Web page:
Education /

Charter School Enrollment Surge Continues Across U.S.

New report finds exodus from public schools was not an anomaly and things will never go 'back to normal'

As in-person learning was suspended, forced masking policies were ubiquitous, and parents overseeing their children’s remote learning caught a glimpse into classroom content, education policy enacted during the 2020 pandemic drove an exodus from public schools.

Families fleeing public school institutions often chose charter schools, increasing enrollment for the 2020-21 school year. A new study has found that the shift from public schools to charter schools was not a single-year anomaly, but a trend that still continues.

The National Alliance for Public Charter Schools (NAPCS) found that the first full school year during the pandemic saw charter school enrollment increase by nearly 240,000 students, while public schools lost 1.4 million students. Charters were the only schools whose enrollment increased.

“The major finding is that the pattern we saw during the first year of analysis is that the pattern we saw during the first year of analysis held steady across the next two years,” according to the report.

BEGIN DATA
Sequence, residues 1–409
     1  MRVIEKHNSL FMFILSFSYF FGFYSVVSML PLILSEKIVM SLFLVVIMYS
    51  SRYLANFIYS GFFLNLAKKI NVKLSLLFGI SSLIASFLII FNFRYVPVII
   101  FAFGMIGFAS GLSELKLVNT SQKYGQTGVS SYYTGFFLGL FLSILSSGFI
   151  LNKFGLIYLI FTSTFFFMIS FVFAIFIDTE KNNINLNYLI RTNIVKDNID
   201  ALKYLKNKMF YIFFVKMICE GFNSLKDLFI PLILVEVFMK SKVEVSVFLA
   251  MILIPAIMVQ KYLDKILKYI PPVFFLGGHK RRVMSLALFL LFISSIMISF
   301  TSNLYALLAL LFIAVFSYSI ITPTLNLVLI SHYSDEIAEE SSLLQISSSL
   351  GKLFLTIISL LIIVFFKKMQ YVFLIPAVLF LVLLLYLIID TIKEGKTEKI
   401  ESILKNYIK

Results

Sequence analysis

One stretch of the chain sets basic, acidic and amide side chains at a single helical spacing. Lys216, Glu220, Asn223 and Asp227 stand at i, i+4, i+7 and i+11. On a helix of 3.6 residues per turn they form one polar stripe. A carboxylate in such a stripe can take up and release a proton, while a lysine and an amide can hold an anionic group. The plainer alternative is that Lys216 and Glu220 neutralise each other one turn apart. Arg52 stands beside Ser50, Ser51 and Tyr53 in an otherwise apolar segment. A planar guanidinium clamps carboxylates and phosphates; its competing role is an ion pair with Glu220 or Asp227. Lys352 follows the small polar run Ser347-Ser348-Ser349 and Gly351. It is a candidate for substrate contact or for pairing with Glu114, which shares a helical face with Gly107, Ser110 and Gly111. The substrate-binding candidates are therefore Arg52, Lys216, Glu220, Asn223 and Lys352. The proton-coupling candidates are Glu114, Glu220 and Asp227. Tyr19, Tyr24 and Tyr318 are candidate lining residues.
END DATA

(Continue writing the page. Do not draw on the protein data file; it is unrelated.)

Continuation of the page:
Key findings through September 2022 show:

  • Nearly 20 percent of families changed the type of school their child attended from March 2020 to May 2022, with charter schools being a popular choice.
  • 89 percent of parents whose children switched school types report a positive change as a result of the switch.
  • 78 percent of parents say they became more involved in their child’s education because of coursework they observed during the pandemic.
  • Even among parents who do not want their child to attend a charter school, 84 percent say charters should be available to families who want them.
  • 77 percent of parents want more charter schools in their area, and 81 percent want to increase the number of slots available in existing charters.

“The numbers in this report are more sobering than celebratory. Although the National Alliance advocates on behalf of charter schools, we too are part of the overall public school ecosystem,” NAPCS says. “We take no joy in this mass exodus from district schools.”

NAPCS researchers conclude that the bigger takeaway is that the U.S. is undergoing a “parent revolution spurred by the pandemic” that is likely here to stay for the long-term.

“In communities across America, families are clamoring for something other than the school their children are zoned to attend,” the report finds.

“Most parents are not education experts, but they know a good school when they see one. They also know a not-so-great school when they see one,” NAPCS says. “That’s why a global health emergency might have been the impetus for making a change, but things will never go back to the ‘old normal.’ Families are not re-enrolling their children in schools that never really met their needs in the first place.”

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